Jinesh Brahmbhatt also known as “Hodge,” was permanently barred by the Financial Industry Regulatory Authority or FINRA in connection with an alleged $18 million fraud perpetrated against a number of high profile National Football League and National Basketball Association players.

Brahmbhatt, also conducting business under the name Jade Private Wealth Management, agreed to an a Letter of Acceptance, Waiver and Consent with the FINRA after failing to appear and testify at a  disciplinary proceeding in connection with the alleged fraud.

U.S. Department of Justice, FBI & the SEC Investigating

It was previously reported that the U.S. Department of Justice, the FBI and the U.S. Securities & Exchange Commission were investigating Brahmbhatt, and that during a two year investigation, multiple professional athletes purchased fictitous promissory notes from Brahmbhatt during the course of his association with Success Trade Securities, Inc.

Some of the Athletes Affected

Among these professional athletes are Detroit Pistons guard Brandon Knight, Cleveland Browns cornerback Joe Haden, San Francisco 49ers tight end Vernon Davis, former Washington Redskins running back Clinton Portis and former Chicago Bears defensive end Adewale Ogunleye.

Allegedly Brahmbhatt, doing business under the trade name, Jade Private Wealth Management managed finances for upwards of seventy professional athletes, at least thirty of which purchased approximately $12 million worth of the fake promissory notes.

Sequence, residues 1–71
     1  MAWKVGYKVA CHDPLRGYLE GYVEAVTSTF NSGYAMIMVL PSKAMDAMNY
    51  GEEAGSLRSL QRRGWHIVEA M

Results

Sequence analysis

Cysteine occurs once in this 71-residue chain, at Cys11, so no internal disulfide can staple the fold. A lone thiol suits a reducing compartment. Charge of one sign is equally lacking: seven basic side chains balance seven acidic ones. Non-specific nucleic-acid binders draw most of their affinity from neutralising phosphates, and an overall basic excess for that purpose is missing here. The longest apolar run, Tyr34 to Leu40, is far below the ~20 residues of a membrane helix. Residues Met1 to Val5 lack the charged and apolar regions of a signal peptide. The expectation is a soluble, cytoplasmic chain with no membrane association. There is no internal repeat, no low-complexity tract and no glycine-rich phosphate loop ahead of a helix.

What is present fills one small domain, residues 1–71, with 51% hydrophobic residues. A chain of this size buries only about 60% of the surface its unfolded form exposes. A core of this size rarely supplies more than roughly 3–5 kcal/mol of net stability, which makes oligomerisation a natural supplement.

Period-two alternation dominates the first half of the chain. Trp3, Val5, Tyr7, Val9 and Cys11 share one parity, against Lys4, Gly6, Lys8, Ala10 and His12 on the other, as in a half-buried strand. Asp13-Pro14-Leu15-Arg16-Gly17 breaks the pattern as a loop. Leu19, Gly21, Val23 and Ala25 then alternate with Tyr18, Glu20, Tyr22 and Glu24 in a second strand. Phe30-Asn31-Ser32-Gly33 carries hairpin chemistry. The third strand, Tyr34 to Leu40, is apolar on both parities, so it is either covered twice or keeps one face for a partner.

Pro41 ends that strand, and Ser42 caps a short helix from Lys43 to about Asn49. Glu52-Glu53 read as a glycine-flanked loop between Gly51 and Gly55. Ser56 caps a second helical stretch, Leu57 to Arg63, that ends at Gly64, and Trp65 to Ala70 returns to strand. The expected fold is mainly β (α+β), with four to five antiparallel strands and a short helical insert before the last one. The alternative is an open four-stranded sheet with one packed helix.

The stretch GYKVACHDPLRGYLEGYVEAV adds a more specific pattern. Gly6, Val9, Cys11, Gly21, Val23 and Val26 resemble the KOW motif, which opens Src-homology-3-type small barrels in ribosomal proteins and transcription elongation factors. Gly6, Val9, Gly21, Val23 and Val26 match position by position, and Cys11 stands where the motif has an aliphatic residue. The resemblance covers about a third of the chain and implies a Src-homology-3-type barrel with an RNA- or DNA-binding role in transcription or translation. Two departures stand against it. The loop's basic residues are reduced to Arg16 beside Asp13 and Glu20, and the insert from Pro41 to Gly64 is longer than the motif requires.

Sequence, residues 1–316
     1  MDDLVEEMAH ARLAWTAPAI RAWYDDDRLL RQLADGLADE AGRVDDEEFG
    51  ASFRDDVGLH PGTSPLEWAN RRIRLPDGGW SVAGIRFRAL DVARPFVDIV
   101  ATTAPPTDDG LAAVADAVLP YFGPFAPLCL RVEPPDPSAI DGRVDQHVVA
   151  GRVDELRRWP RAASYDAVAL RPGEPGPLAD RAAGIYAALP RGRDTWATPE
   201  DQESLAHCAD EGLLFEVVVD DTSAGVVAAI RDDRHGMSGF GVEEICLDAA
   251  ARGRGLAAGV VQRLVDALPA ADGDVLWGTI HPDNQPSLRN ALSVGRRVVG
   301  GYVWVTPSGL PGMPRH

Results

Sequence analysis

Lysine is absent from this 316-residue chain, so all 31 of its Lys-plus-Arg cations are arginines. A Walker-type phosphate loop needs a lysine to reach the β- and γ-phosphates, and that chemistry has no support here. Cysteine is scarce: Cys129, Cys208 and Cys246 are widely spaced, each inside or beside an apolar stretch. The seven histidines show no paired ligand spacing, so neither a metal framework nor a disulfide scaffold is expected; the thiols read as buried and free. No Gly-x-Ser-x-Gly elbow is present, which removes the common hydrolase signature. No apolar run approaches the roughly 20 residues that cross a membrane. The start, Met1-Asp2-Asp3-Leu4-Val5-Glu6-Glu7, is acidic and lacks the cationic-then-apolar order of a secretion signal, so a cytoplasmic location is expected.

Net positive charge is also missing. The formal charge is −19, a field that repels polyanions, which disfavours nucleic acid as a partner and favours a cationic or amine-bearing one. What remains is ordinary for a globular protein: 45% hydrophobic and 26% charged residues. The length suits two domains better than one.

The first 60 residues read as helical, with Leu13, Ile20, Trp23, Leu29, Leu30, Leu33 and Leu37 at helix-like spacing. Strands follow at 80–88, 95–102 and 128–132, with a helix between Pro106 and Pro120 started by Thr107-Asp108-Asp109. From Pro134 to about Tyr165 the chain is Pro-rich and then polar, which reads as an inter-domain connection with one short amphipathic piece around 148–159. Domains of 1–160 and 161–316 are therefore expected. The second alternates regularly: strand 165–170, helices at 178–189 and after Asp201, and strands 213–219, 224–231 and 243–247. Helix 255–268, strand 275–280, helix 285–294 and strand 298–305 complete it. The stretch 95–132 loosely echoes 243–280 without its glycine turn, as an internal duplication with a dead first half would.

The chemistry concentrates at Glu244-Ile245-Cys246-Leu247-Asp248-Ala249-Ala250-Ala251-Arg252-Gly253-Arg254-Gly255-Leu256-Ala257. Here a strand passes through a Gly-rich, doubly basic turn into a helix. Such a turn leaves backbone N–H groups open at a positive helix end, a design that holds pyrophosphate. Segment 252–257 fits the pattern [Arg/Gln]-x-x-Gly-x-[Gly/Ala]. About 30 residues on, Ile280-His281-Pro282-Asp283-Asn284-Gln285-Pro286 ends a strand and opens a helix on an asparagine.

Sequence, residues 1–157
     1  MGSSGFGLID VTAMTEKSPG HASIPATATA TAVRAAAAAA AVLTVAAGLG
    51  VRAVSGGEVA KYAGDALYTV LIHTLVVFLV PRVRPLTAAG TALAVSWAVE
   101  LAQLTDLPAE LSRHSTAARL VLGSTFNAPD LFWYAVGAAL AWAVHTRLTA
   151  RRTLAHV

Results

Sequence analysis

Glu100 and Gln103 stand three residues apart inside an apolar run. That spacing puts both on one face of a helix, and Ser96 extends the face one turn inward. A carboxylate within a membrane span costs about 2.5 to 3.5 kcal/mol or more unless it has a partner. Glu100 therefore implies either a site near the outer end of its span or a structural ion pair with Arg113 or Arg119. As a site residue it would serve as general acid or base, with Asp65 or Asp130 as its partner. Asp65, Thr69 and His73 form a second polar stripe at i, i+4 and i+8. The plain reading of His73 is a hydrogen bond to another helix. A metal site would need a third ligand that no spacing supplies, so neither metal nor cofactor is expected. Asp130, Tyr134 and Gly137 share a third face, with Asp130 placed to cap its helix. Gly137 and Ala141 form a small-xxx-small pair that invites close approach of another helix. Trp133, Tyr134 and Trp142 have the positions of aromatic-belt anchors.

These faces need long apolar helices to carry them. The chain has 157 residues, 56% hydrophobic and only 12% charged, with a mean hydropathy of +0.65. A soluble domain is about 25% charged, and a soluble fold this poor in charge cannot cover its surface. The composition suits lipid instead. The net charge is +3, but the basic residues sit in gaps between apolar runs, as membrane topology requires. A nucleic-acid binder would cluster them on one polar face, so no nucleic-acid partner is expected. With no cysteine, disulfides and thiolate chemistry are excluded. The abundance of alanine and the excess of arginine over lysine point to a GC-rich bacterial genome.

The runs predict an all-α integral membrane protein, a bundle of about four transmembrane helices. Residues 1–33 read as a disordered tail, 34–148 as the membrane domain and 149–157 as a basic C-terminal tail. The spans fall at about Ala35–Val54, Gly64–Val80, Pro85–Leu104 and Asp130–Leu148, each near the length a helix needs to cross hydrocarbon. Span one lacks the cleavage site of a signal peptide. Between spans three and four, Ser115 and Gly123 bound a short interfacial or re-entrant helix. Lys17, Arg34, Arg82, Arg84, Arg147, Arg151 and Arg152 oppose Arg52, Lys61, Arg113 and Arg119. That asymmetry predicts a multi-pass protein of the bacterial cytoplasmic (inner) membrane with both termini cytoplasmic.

According to FINRA

Brahmbhatt was a registered representative of Success Trade Securities, Inc. from April 4,2009 until April 8,2013. Prior to his registration with Success Trade, Brahmbhatt was registered with three other FINRA members: LPL Financial Corporation; Merrill Lynch, Pierce, Fenner & Smith, Inc. and  Stratton Oakmont, which was run by the notorious Jordan Belfort, who was convicted of crimes related to stock market manipulation and running a penny stock boiler room  in 1998, and which resulted in investor losses of approximately $200 million.

On April 10,2013, FINRA filed a Complaint against Success Trade and its CEO and President, Fuad Ahmed, alleging that the Firm and Ahmed engaged in an $18 million offering fraud in connection with the sale of the Notes. Fuad also appears to be a fellow Stratton Oakmont alumnus, was also found to have raised over $18 million from 58 investors, many of whom are current or former National Football League and National Basketball Association players, through the fraudulent and unregistered sales of promissory notes issued by Success Trade Securities parent company.  Ahmed was alleged to have used this money to pay his own personal expenditures, pay the lease on his Range Rover and lend money to family members.  (Department of Enforcement v. Success Trade Securities, Inc.. et al., Discip. Proc. No. 2012034211301).

Guiliano Law Group

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